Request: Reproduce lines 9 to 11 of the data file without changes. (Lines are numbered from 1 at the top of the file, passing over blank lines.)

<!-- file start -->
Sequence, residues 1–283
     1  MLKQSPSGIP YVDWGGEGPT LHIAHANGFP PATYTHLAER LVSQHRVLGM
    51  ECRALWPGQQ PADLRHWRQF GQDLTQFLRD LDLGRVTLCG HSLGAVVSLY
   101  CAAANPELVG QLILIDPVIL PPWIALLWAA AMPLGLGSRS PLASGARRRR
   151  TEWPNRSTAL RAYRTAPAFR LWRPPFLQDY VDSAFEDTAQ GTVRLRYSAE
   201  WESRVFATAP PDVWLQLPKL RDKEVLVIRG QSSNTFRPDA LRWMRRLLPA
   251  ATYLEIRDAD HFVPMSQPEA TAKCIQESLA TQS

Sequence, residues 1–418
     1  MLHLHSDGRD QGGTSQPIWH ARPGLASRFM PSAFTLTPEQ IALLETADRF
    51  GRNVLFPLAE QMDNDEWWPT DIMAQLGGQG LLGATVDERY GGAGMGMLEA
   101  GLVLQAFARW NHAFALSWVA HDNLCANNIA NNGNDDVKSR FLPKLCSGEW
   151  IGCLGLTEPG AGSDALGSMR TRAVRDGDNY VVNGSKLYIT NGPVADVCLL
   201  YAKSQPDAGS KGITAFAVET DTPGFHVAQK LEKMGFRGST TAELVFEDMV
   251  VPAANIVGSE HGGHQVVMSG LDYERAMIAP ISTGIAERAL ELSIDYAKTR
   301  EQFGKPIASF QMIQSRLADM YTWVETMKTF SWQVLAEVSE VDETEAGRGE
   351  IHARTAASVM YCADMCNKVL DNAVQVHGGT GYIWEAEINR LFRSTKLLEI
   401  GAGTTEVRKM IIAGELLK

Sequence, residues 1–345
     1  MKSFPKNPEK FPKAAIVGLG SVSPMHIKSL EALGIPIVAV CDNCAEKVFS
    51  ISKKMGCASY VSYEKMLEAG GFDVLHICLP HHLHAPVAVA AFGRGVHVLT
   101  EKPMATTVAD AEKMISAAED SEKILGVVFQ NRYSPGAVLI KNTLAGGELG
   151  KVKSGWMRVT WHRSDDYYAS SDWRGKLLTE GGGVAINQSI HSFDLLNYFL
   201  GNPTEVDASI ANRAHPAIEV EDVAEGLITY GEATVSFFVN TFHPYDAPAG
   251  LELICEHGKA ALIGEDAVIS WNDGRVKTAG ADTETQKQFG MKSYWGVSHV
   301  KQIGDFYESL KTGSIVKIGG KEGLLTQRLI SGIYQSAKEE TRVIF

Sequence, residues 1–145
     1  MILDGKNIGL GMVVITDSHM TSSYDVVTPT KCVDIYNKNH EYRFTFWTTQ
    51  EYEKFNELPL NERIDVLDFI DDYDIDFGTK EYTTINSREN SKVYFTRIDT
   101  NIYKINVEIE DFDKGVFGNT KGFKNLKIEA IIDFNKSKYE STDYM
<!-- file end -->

     1  MLHLHSDGRD QGGTSQPIWH ARPGLASRFM PSAFTLTPEQ IALLETADRF
    51  GRNVLFPLAE QMDNDEWWPT DIMAQLGGQG LLGATVDERY GGAGMGMLEA
   101  GLVLQAFARW NHAFALSWVA HDNLCANNIA NNGNDDVKSR FLPKLCSGEW